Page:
Define the value measures, KPIs, application measures, and challenges in terms of customer expectations, business problems, technology, and final technical state. Business users and technical staff should cooperate on this and subsequent steps.

4. Detail each action

Define the details for each action, including external systems, data inputs, process details, outputs, and user skills and departments. This creates the basis for detailed requirements, which will be prepared primarily by technical staff.

5. Identify gaps

List any gaps that must be filled to execute the use case based on the current state of the company’s systems. In practice, some of those gaps may have already been closed by executing other use cases before this use case is added. Having a complete gap list for each use case helps to define the most effective sequence.

Once you’ve completed this process, you have a detailed understanding of the use case requirements. Business users must nurture the process to ensure the final product matches their actual needs.

Example CDP Use Case

Let’s say your users identify a use case for triggering cross-channel journeys based on ecommerce behavior. After collecting all of the required use case details in your workshop session, you would document those details as follows:

  • Result (goal): Deliver consistent journeys that react to ecommerce behaviors.
  • Challenge (starting conditions): Journeys execute without taking ecommerce behavior into account.
  • Solution: Marketers discontinue irrelevant customer journeys by streaming ecommerce behaviors into the CDP, which either decides to start a new journey or continue the customer’s current journey. The CDP orchestrates actions in multiple engagement systems to deliver optimal journeys.

Additional details would include:

  • Customer value created: More appropriate nmessages
  • Business value created: Higher customer engagement, satisfaction, and retention
  • Financial value: 1 million customers x $300/lifetime value x 10% increase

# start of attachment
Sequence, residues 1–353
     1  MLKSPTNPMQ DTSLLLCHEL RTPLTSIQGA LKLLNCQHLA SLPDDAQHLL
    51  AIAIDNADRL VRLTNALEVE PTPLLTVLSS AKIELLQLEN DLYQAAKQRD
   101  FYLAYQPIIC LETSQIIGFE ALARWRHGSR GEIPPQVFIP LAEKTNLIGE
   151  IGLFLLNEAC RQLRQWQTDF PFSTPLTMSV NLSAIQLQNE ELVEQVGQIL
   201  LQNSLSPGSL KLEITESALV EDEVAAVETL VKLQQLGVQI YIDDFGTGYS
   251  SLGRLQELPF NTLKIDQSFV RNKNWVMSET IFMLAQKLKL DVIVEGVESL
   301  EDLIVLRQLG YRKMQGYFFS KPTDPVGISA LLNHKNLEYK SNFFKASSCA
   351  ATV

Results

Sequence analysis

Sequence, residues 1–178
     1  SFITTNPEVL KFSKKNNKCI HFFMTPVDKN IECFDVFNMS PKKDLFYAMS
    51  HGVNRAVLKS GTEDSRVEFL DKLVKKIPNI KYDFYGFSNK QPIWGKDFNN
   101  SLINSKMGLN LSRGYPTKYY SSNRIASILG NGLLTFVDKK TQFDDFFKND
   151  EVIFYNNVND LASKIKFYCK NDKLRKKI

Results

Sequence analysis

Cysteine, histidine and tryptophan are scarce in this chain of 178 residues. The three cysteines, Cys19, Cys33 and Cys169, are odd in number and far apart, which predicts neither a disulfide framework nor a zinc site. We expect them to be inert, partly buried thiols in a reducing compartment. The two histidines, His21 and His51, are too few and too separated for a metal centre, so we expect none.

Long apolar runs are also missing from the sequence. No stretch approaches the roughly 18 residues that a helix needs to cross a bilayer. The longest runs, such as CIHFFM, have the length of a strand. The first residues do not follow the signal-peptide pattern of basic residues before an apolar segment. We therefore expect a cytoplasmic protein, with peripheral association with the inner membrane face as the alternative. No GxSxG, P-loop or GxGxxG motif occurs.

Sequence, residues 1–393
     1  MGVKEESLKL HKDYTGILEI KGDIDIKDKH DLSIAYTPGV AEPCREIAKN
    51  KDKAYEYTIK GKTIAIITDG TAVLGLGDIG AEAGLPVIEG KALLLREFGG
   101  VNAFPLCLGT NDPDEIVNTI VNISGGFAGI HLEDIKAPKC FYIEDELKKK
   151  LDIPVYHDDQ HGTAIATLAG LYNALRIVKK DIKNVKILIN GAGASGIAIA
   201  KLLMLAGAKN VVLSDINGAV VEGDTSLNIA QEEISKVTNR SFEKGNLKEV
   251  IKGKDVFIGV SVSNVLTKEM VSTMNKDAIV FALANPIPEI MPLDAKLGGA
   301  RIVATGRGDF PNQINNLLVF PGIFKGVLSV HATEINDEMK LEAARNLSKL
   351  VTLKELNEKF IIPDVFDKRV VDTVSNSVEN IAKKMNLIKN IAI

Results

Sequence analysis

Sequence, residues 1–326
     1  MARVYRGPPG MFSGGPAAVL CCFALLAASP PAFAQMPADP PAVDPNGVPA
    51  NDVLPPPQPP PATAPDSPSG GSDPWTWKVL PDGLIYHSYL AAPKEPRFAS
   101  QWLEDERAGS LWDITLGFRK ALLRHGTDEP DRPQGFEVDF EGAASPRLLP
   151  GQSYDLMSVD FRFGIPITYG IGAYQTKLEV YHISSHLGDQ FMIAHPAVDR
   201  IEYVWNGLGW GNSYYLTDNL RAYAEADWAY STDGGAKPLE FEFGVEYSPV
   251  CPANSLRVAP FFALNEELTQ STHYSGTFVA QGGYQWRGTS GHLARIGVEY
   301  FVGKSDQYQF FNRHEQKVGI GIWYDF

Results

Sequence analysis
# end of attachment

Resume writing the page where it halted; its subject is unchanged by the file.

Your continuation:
• KPIs: 10% reduction in monthly churn rate
  • Application measures: Adjusted journey assignments based on ecommerce events
  • Customer expectations: Company will provide a consistent, relevant experience across all channels
  • Business problems: Lost revenue and poor customer experience due to inappropriate messages
  • Technical gaps: Journey selection process does not adjust itself in real time based on ecommerce behaviors

It’s important that each use case clearly documents sequence actions in explicit detail. The details of our ecommerce behavior use case may look like this:

Beyond the Use Cases: Next Steps

Once you have clearly defined CDP use cases, the next step is to transform them into specific requirements. This is a complex task that requires a deep understanding of both the business and the technology — so be sure to involve people with experience in CDPs or related systems.

But it’s crucial for business users to stay involved, too, as you create requirements and evaluate CDPs. Keeping your colleagues in the loop will ensure that your selection process continues to reflect their actual needs.

Get the CDP RFP Right, Too

Eventually, you’ll probably issue an RFP for your CDP project — but don’t do it before you have clear use cases and requirements! This will only set you up for headaches down the road when you evaluate your options against extraneous factors.

Requirements in hand?

Learn more about running a successful CDP RFP: Getting the Best Customer Data Platform Starts with the Right RFP